Market Watch: April 2022

Global financial markets took a hit in April as investors grappled with increasing interest rates and weakening global growth. The market had its worst start to a year in decades. The sharpest decrease in April contributed to the bearish sentiment, with high volatility and devastating losses in popular technology stocks. Markets are falling amid a series of concerns and an uncertain outlook; with the US GDP contracting at a 1.4 percent annual rate in the first quarter, hampered by supply-chain obstacles and a growing trade imbalance; however, household and corporate expenditure were glimmers of hope. Russia’s war on Ukraine has heightened concerns over the condition of the world economy while continuing fights with COVID-19 remain to hinder sections of the world, most notably China. High inflation, combined with a Fed trying to fight it out with increasing interest rates, has resulted in dramatic price fluctuations.

Canada
The S&P/TSX Total Return Index was down 5.0 percent in April after the Bank of Canada increased the interest rate.

The Canadian economy expanded by 5.6 percent on an annualized basis in the first quarter, as growth in February was above forecasts, and the real GDP increased again in March. The economy expanded by 1.1 percent in February, above economist expectations of 0.8 percent, on broad-based gains as pandemic restrictions were relaxed. The GDP likely expanded by 0.5 percent in March, marking the tenth consecutive monthly gain. The robust February data and the first-quarter forecast will certainly bolster expectations that the Bank of Canada will proceed with another rate hike in June. Earlier this month, it made a notable 50 basis point hike.

Moreover, Canada’s unemployment rate fell to a historic low of 5.3 percent In March, the lowest percentage since records began in 1976. The economy gained 73,000 jobs, a 0.4 percent increase over February’s figures. Economists believe that there is still room for the unemployment rate to fall further, given that some sectors of the economy, such as oil-producing areas, remain underutilized.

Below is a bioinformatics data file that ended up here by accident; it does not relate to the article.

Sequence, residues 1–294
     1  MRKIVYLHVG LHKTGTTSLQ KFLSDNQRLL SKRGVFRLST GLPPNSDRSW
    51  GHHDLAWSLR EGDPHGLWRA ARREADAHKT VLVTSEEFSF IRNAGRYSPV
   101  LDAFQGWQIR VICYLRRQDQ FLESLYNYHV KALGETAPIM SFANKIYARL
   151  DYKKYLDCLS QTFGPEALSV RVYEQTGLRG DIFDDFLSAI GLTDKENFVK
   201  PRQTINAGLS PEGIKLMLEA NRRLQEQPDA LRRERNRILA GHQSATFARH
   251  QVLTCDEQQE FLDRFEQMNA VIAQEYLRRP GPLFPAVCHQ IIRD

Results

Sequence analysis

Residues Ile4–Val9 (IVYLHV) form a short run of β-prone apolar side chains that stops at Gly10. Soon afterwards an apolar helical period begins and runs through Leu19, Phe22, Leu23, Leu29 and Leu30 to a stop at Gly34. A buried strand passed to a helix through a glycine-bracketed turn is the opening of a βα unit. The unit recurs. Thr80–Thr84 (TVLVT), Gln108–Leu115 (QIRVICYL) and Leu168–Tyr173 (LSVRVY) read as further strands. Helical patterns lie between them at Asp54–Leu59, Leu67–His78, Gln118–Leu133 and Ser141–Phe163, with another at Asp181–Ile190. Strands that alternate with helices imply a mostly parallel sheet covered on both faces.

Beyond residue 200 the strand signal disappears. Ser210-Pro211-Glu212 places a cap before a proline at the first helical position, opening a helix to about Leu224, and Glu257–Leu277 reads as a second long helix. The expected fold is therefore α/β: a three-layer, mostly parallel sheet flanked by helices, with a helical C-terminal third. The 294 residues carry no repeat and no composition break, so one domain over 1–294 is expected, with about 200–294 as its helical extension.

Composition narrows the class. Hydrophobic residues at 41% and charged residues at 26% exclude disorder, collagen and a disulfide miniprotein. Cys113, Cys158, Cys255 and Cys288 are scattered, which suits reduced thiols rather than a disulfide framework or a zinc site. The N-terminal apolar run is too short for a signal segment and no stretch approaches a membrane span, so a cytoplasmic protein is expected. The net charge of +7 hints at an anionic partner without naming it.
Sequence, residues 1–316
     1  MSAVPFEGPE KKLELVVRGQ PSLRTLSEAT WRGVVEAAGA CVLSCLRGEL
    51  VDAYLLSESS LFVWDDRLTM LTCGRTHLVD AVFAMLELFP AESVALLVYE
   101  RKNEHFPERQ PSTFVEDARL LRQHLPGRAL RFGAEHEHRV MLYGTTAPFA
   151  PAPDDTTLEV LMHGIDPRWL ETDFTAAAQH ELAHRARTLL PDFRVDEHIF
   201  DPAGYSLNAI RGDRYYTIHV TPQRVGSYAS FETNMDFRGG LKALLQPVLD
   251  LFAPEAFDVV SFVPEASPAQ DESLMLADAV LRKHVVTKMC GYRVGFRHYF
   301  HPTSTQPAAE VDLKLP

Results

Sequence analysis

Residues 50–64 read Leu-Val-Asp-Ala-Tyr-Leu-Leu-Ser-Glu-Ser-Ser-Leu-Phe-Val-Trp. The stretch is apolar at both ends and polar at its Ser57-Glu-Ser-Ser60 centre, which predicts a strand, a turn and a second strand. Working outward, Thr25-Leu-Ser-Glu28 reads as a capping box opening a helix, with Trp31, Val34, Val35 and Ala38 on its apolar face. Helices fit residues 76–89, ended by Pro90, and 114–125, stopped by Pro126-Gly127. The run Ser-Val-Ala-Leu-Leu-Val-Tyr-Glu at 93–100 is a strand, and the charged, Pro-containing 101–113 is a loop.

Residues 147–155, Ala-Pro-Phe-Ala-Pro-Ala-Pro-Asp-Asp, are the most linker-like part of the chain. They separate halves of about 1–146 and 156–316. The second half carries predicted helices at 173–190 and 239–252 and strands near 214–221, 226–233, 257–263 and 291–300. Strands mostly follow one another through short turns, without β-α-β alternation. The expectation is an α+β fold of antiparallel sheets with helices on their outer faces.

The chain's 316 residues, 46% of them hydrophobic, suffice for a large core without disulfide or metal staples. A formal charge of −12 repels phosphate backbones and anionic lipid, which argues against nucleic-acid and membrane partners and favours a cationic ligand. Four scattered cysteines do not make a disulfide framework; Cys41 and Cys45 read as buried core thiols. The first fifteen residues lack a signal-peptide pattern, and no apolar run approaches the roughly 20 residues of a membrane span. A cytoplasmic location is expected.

On monetary policy, BoC raised its benchmark interest rate by half a percentage point, raising it to 1.0 percent in its latest step to reign in rising inflation. It is largely expected to increase rates again at its next meeting on June the first to combat rampant inflation. Governor Tiff Macklem stated that Canada’s economy was overheating and that higher interest rates were required to curb inflation. Markets expect a 0.75 percent rate hike from the BoC after Governor Tiff Macklem recognized the possibility of rapid increases in the interest rates to combat three-decade high inflation. A rise of this magnitude would return Canada’s policy interest rate to 1.75 percent before the Covid-19 outbreak.

US
The S&P 500 Total Return index was down 8.7 percent in April after the US economy contracted for the first time since early in the pandemic.

The US economy declined as logistic disruptions impacted GDP in the first quarter, but household and corporate expenditure strength indicated that growth would rebound shortly. The 1.4 percent annual fall in US GDP constituted a significant shift from the fourth quarter’s 6.9 percent annual growth rate. The first quarter was the worst since spring 2020 when the Covid-19 outbreak and subsequent closures sent the United States into a brief recession. However, the economy’s engine, household spending, increased at a 2.7 percent annual rate in the first quarter, a slight uptick from the end of last year. Companies also increased their investments in machinery and R&D, resulting in a 9.2 percent increase in expenditures. Many analysts believe that the economy can endure rising interest rates and return to moderate growth in the second quarter and beyond, partly owing to increased spending by households and companies.